Saturday, May 9, 2009

Bird Watching 101

Sarah's newest passion is birds. She has been studying all about them for the up coming science fair. It has been fun trying to identify the birds that visit our backyard and feeder. Sarah has done a good job figuring out most of them, however when you're not sure what you are looking at one small brown bird looks just like another, at least to me. So when Sarah heard that Tin Mountain led bird watching walk through the Brownfield Bog she just had to go.

So bright and early at 5 o'clock this morning the alarm clocks went off. Sarah, Rebekah and I grabbed a back pack stuffed with snacks, water, a sketch pad, colored pencils and of course a diaper, pulled on our rubber boots and applied a thick layer of bug spray and headed to the bog.

About 20 of us headed into the bog. It was a good mix of amateur and experienced bird watchers. Armed with our binoculars and enthusiasm, we were not to be disappointed. Before we had even left the parking area we spotted the most beautiful Northern Oriole (previously known as the Baltimore Oriole). Neither Sarah nor I had ever seen one. It was such a brilliant orange. Just AWESOME!

Above you see some of the group headed into the bog. It seemed we stopped every few feet to view another species of bird. We saw lots of pairs building next and "flirting". We even saw a couple of Black-and-White Warblers having a tiff as the female looked on. I wonder which one won her heart?

A few of the group are avid bird watchers. They were truly amazing in their knowledge and love for these little feathered creatures. One woman, Dixi, took a special liking to Sarah and made sure Sarah saw each bird before we moved one. Dixi's friend had this awesome, powerful spotting scope. It was so cool to see the birds UP CLOSE through this. Thank you Dixi for touching Sarah's heart and making her passion come alive.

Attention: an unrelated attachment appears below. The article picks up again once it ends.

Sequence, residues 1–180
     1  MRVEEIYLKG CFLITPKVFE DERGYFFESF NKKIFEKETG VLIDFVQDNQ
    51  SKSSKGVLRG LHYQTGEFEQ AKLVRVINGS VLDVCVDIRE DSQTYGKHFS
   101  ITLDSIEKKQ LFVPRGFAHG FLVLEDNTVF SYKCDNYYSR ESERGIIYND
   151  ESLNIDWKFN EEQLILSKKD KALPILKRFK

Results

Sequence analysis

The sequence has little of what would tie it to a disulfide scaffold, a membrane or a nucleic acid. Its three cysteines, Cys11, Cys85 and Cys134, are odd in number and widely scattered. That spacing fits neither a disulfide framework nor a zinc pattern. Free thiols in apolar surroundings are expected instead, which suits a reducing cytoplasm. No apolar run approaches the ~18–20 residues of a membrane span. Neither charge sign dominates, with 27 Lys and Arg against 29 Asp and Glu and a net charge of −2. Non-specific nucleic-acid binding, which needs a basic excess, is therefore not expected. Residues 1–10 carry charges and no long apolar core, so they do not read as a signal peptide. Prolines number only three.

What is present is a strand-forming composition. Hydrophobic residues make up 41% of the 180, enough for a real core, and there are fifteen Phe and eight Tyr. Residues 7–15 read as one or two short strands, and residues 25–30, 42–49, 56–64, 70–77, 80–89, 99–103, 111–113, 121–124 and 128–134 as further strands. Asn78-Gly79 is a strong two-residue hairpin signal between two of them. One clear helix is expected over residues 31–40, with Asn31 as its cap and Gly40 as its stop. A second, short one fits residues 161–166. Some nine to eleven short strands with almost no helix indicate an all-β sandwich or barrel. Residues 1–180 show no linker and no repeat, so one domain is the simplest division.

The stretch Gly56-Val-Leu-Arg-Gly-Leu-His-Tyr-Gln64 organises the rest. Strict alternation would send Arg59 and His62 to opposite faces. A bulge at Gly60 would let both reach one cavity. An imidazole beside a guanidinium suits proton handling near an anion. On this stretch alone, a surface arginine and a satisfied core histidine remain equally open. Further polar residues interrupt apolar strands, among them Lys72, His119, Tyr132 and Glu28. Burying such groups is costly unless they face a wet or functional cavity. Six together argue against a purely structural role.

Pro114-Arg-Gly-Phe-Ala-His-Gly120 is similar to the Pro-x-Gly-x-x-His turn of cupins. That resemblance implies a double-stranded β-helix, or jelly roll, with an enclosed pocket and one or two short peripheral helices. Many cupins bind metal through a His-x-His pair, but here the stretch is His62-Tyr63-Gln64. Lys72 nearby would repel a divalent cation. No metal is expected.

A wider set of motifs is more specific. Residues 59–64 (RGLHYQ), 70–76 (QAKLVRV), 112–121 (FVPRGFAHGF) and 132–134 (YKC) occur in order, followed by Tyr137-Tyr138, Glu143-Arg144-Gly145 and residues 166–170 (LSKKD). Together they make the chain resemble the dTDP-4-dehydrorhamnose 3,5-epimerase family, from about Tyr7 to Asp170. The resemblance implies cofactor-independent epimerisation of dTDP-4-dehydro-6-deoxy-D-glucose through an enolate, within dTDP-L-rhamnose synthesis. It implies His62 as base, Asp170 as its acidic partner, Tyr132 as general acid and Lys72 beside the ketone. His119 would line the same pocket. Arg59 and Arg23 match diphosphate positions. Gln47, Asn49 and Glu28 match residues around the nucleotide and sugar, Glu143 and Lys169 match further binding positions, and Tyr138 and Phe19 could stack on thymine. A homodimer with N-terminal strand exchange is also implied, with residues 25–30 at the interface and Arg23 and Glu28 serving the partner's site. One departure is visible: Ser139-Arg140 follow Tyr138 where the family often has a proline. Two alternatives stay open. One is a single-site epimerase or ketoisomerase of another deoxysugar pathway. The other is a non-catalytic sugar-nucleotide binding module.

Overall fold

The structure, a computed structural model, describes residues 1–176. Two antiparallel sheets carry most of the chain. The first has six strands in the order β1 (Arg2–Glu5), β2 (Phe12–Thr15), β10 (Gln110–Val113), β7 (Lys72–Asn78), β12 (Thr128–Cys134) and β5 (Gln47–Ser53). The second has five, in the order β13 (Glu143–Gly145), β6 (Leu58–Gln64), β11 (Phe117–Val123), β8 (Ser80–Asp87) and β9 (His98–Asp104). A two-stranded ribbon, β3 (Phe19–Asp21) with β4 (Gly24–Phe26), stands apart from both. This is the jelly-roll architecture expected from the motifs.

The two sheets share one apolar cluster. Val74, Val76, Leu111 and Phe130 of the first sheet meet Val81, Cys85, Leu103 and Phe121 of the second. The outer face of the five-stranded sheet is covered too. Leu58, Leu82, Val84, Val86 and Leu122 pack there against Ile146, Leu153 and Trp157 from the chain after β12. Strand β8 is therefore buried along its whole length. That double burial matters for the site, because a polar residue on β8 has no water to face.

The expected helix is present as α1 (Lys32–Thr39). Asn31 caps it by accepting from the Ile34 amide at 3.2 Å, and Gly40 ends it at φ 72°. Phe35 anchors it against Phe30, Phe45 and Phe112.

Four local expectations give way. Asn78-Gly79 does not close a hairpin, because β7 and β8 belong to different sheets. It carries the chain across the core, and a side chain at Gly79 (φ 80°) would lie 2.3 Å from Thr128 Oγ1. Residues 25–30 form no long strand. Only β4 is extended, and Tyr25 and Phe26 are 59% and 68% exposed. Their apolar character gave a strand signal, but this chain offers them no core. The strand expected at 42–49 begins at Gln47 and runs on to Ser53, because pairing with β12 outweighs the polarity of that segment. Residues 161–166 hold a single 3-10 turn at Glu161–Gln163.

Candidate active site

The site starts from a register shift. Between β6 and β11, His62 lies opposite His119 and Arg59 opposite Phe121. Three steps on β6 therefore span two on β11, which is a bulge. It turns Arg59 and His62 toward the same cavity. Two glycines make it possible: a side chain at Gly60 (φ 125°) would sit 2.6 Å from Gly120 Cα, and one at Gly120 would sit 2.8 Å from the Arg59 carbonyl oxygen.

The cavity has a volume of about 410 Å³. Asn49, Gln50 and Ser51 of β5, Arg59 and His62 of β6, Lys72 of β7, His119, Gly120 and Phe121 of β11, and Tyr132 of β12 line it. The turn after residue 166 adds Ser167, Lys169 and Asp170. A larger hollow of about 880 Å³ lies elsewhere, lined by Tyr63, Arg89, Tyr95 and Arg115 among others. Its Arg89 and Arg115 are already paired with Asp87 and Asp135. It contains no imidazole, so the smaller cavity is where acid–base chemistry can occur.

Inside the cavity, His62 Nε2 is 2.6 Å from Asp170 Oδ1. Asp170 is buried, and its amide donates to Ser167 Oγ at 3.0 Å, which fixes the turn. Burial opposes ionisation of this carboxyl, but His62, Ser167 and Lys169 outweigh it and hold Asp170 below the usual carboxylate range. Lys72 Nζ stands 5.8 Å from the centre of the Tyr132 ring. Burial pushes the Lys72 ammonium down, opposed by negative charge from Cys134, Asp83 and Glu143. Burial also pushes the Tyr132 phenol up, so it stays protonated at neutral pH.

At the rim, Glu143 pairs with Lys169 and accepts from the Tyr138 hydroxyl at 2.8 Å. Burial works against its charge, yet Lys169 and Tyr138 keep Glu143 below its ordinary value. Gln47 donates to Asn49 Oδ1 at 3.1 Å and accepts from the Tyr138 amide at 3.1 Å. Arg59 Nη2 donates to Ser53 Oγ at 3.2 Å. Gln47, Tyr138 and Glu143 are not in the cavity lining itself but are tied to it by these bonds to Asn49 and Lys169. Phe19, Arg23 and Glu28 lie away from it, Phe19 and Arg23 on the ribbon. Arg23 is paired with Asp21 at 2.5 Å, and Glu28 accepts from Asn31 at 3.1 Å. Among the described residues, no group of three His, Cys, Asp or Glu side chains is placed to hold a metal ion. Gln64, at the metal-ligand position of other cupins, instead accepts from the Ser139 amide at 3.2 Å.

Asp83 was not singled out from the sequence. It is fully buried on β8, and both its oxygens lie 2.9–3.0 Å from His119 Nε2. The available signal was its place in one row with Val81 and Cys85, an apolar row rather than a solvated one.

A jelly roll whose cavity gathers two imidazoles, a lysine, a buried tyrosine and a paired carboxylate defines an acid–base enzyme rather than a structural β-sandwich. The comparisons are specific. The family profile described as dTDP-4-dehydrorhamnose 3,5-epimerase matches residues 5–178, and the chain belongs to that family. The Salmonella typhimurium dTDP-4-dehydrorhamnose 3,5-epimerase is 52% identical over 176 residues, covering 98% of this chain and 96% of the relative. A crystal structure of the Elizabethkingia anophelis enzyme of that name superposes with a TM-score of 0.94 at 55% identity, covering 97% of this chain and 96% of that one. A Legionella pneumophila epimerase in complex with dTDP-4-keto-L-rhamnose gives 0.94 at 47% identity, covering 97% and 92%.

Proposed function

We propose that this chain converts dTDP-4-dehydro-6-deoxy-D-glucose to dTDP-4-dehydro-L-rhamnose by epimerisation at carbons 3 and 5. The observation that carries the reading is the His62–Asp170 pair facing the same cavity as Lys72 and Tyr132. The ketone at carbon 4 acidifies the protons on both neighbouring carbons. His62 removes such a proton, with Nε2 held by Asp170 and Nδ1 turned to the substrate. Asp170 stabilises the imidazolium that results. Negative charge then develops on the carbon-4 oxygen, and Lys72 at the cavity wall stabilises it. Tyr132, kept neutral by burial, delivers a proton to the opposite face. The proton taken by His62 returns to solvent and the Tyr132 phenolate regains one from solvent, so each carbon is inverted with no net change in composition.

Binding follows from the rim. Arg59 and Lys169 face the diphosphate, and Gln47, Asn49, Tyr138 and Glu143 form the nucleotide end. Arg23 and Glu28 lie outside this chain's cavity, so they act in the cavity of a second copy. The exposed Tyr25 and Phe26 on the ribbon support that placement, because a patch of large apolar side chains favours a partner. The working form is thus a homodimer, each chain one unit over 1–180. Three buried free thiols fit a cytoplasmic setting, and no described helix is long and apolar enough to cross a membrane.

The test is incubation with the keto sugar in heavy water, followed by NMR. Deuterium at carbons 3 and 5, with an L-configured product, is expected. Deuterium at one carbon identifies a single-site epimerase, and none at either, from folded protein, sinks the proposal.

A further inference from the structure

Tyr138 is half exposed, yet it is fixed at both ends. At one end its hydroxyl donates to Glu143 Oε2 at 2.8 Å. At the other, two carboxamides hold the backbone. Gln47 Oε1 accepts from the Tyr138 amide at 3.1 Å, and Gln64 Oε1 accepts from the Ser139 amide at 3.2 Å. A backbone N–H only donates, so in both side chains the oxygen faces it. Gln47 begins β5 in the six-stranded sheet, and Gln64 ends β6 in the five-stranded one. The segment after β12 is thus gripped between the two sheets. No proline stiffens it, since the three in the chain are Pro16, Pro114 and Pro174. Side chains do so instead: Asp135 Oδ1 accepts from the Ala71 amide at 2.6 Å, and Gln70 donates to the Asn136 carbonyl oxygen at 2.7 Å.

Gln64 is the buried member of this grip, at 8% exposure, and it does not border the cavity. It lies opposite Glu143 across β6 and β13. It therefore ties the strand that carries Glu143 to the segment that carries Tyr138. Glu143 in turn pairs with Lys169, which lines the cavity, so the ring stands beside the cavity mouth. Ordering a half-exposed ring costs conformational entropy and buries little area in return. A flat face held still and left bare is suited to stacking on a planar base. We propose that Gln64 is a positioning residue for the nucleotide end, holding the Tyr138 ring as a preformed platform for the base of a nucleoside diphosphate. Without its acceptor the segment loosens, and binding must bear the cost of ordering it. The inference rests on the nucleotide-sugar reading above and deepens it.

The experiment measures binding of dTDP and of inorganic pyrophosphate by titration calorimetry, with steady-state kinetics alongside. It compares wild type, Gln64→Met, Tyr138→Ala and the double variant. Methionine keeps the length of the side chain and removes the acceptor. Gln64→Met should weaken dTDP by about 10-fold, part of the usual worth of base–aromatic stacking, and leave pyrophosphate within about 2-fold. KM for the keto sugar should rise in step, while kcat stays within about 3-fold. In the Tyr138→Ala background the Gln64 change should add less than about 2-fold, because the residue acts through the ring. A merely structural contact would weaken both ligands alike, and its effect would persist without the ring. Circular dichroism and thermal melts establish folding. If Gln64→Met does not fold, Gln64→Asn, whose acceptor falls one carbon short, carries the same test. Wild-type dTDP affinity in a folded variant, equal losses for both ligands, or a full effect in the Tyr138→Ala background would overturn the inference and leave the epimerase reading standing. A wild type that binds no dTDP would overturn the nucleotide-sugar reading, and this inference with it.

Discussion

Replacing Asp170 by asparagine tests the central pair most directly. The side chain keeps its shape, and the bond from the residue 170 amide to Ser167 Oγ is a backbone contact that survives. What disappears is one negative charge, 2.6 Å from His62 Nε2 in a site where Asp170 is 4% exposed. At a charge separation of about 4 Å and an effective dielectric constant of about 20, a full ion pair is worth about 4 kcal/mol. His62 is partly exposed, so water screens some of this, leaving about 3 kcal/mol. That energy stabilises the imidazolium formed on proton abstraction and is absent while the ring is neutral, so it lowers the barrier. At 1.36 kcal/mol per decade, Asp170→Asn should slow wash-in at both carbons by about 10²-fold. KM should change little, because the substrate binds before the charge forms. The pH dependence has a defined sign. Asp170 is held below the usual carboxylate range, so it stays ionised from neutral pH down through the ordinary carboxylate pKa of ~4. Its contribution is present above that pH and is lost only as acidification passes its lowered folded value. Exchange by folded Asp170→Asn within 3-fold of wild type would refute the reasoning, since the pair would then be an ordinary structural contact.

This area of the bog open up quite a bit. We saw a quite a few relay neat bird here. One of the neatest experiences was listening to a recorded Sora call via and iPod and speaker and listening to the Sora in the bog call back. When the Sora finally emerged it wasn't one, but two! It was really cool to see the bird respond to the bird call. And from what I understand the Sora was a rare find for these parts. None of our group had ever seen one in the bog before. Sarah and I had never seen one before.

After three and a half hours of splashing through the bog with our neck craned in the air we had seen over 40 different species of birds, two snakes, a frog, and make some new friends. Sarah's excitement for birds grew tremendously. She can't wait to go back next week. Yes, we are going to do it again.

1 comment:

  1. How exciting! What an awesome way to spend a morning. We love watching the birds that come to our backyard feeders and discovering the different kinds. We would love to go on a birdwatching excursion like this one day! I just posted on my blog about a Professor Noggin Birds of North America Trivia Game that my children love! It really helps them learn some facts about many different kinds of birds while having fun.


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